A Tale of Opportunity: In Cibitoke, Mushroom Farming Cooperative Prospered in Wake of Rift Valley Epidemic

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As a result of the Rift Valley epidemic in mid-2022, a ban on animal slaughter was put in place, prompting the Imbo people – who are big fans of meat – to switch to edible mushrooms. This presented an immense opportunity to COPEJC, a cooperative of young people who specialise in mushroom farming.

The Imbo region is traditionally known to be dominated by meat lovers, and they even have a cheerful name for meat – akaboga. Interestingly, in other areas of the country, akaboga refers to vegetables rather than meat. Given this, it is surprising to think that any other food product could sell better than meat in this area. However, the Imbo people have a taste for anything that tastes meaty or provides sauce, which is what paved the way for the success of mushrooms as a substitute for meat.

How did mushrooms come to gain Cibitoke ground ?

Bovine and ovine populations in Burundi as well as those of our neighboring nations, including Rwanda, Ouganda, and Kenya, were simultaneously decimated by the Rift Valley fever epidemic that occurred around mid-2022.

The ministry in charge of agriculture and livestock banned animal slaughter to prevent the virus contaminate people. Given that meat is their primary food, Imbo people were the ones who experienced the greatest direct impact on that measure. As a result, they switch to eating mushrooms.

One man’s loss is another man gain

While breeders and slaughterers were facing the aftermaths of that epidemic, there was COPEJC, a youth cooperative for the production of edible mushrooms which operates in Mugina commune which took advantage of the situation. They were jubilating, coining money since they were able to sell great quantities of their mushrooms. Gradually, Imbo people  became aware of that kind of food which is good for human health.

“We started our activities in 2018, but to be honest, it’s only in 2022 that we actually were able to see the potential of success of our cooperative. With the arising of this Rift Valley fever which caused  slaughter ban, we encreased our efforts in order to produce a satisfying quantity for our cusormers. Simply, this epidemic helped us  to make people discover the appreciable flavor of champignons and it’s fair to note that even when the ban on slaughtering was taken off our sales didn’t decrease. In fact, in Cibitoke, low-income people have permanently taken to consuming mushrooms instead of meat due to its high cost.”, indicates Pierre Nsabimana, the managing director of COPJC.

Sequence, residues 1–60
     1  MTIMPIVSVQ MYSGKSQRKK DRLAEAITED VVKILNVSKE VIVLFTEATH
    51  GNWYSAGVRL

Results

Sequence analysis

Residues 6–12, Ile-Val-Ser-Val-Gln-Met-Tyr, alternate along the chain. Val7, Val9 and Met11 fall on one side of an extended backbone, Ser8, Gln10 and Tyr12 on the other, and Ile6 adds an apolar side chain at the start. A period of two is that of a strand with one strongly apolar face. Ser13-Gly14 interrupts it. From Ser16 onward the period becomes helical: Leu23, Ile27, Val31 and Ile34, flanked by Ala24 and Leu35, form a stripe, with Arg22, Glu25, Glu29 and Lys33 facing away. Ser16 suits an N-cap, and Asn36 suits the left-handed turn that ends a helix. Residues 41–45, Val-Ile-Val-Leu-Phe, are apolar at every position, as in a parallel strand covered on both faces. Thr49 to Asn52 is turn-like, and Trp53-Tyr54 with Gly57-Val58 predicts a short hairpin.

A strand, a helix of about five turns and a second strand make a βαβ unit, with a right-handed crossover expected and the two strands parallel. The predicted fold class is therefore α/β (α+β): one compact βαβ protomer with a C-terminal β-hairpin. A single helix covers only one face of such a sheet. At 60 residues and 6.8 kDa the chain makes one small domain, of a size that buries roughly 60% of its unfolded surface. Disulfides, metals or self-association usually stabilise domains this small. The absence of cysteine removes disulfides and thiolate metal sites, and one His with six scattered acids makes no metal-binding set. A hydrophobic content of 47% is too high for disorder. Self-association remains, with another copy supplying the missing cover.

According to Pierre, there are numerous ways to prepare mushrooms depending on personal preference or skill. For example, they can be prepared as grilled meat, roasted on skewers, small balls,… The cooperative’s goal is to establish a sizable factory that turns mushrooms into products like biscuits and wine.

 Mushrooms prices are affordable

Mushroom prices are lower than meat prices. 1kg of mushrooms is BIF 6000 and around BIF 1500 and 2000 per a skewer. Mushrooms are a good meat substitute, according to nutritionists, despite the fact that they do not contain enough protein. They do, however, have many qualities that set them apart from meat, including their abundance in vitamins and minerals like selenium, zinc, and vitamins B1, B2, B5, and B12. Additionally, they lack fat and carbohydrates and are full of antioxidative substances. They are the only vegetable with naturally occurring vitamin D as a result of sunlight exposure.

Evariste Niyonkuru

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